Johnson & Johnson today announced the acquisition of C-SATS, a Seattle startup that uses technology to facilitate performance reviews for surgeons.
Founded in 2014 and spun out of the University of Washington, C-SATS built a cloud-based performance management system that evaluates surgeons and helps improve their skills.
Johnson & Johnson will integrate C-SATS’ technology into its Johnson & Johnson Institute education and training platform. C-SATS employs more than 20 people; all plan to stay on post-acquisition.
“This scalable platform is powered by data capture, analytics and artificial intelligence, and will enable us to partner with healthcare systems in a differentiated way,” Sandra Humbles, vice president of global education solutions, Johnson & Johnson Medical Devices Companies, said in a statement. “It will fundamentally change how surgeons learn by giving them the opportunity to anonymously receive input on actual cases to improve their technical skills, which benefits patients, surgeons and health systems.”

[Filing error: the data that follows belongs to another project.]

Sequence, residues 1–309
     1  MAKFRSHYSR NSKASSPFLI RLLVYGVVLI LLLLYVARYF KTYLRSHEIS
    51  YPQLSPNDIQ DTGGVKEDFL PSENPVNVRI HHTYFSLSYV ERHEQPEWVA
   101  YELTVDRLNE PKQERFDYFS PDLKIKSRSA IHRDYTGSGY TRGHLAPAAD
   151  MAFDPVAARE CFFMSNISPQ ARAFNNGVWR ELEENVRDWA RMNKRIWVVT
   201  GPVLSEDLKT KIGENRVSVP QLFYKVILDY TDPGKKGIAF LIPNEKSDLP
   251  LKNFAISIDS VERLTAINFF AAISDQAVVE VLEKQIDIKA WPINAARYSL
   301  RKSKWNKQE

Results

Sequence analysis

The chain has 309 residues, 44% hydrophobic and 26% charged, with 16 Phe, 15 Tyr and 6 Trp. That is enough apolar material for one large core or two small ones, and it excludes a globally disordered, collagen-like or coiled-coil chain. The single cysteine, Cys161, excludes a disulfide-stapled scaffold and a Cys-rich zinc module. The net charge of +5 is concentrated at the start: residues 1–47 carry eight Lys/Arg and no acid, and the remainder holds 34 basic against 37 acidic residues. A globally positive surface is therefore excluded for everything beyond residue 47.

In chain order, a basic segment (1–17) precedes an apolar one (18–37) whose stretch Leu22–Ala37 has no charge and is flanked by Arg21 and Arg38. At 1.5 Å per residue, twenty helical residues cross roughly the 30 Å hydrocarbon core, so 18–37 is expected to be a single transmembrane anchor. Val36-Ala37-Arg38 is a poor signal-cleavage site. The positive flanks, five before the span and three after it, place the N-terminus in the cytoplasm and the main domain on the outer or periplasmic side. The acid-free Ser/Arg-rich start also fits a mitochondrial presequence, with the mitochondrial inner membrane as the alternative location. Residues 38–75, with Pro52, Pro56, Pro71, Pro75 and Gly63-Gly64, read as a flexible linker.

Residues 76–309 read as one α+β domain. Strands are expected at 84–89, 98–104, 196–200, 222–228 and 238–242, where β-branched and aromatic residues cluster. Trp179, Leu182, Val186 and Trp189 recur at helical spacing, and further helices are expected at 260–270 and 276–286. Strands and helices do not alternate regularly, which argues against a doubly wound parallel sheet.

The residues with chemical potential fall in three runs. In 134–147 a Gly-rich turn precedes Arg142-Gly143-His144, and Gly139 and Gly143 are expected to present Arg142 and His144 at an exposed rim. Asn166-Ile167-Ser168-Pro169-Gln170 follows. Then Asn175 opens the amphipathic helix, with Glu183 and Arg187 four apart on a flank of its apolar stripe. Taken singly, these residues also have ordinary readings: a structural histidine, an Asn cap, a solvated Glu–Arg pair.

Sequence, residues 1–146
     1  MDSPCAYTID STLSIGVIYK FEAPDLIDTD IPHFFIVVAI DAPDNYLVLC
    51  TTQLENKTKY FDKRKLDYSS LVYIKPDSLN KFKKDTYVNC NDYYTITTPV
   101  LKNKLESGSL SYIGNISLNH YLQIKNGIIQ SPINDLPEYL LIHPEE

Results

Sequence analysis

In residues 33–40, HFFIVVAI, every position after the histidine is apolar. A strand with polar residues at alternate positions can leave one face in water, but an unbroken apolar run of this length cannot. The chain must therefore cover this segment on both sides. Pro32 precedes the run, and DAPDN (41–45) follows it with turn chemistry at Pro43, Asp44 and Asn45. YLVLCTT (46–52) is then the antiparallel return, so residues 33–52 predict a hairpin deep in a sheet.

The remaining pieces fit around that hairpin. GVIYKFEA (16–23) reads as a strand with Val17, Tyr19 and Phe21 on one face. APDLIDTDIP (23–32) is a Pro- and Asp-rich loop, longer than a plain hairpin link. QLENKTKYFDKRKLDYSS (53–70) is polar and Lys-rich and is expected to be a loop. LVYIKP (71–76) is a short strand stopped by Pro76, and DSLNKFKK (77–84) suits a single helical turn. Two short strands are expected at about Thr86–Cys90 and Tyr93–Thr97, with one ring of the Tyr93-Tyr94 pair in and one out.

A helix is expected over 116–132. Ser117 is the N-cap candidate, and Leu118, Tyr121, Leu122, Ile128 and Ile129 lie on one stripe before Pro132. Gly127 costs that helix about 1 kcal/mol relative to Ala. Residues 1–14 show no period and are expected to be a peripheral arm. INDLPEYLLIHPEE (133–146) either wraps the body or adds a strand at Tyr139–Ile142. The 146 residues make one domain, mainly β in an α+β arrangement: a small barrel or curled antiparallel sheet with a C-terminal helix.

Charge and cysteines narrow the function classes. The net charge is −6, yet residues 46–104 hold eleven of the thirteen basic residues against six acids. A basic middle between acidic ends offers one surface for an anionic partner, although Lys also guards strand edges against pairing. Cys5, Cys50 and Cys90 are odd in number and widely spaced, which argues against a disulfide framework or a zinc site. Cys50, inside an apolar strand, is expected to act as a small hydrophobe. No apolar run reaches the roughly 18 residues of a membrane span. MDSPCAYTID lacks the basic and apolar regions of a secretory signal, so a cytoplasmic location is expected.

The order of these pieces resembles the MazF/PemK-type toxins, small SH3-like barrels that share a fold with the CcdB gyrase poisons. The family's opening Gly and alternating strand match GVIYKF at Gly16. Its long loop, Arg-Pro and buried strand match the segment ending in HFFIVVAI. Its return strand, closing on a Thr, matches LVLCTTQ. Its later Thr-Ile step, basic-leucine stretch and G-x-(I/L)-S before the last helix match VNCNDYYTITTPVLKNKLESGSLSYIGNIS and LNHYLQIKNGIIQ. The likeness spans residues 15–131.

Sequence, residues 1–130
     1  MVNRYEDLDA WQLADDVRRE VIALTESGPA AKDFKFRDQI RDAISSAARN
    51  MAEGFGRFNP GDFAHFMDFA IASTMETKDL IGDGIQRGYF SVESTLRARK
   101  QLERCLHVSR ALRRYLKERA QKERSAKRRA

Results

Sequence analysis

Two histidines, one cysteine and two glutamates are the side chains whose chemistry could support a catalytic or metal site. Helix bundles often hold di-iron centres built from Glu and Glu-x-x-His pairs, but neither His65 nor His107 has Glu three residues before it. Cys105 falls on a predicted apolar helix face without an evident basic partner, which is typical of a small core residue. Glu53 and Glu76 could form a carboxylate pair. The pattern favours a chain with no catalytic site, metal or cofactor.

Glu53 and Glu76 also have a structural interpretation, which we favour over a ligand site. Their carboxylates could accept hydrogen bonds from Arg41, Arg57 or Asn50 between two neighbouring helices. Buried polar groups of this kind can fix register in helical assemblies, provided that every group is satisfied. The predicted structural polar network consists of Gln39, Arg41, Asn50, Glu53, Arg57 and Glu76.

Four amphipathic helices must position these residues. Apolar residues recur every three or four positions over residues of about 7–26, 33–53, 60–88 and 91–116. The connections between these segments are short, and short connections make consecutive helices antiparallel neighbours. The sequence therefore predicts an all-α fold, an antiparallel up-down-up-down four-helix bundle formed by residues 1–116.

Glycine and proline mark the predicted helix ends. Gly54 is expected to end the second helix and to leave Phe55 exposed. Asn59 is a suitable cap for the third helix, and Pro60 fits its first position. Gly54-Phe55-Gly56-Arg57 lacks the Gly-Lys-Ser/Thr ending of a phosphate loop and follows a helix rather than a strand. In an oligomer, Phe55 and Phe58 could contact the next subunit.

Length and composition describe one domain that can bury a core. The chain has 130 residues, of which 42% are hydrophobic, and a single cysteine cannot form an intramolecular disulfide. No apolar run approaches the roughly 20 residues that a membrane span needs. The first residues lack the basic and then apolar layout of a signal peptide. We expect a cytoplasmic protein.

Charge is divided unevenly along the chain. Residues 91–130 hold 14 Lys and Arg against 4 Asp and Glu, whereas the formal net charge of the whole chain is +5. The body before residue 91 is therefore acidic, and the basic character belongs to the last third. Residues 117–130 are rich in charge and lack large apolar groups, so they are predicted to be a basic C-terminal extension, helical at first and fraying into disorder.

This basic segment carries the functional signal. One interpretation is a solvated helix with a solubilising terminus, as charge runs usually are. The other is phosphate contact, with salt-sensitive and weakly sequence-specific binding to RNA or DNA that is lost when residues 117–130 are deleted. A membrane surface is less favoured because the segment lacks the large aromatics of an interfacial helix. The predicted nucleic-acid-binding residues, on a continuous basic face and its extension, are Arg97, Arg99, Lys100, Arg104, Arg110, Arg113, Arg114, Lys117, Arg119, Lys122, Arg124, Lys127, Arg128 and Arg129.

C-SATS, which stands for Crowd-Sourced Assessment of Technical Skills, uses operating room cameras to record a surgeon’s performance. It then pays experts to analyze the video and provide feedback, like how well a surgeon used their hands to make an incision, for example. The technology is used by some of the nation’s largest health systems.
C-SATS CEO Derek Streat, a veteran of Classmates.com who previously founded AdReady and Medify, previously told GeekWire that the usual method of reviewing medical practitioners is an internal peer review, which can easily be biased because reviewers are often friends or colleagues. These peer reviews are often only conducted after an incident, he said.
C-SATS had raised nearly $6 million. The company was founded by Streat; Dr. Thomas Lendvay; Dr. Timothy Kowalewski; Dr. Lee White; and Bryan Comstock.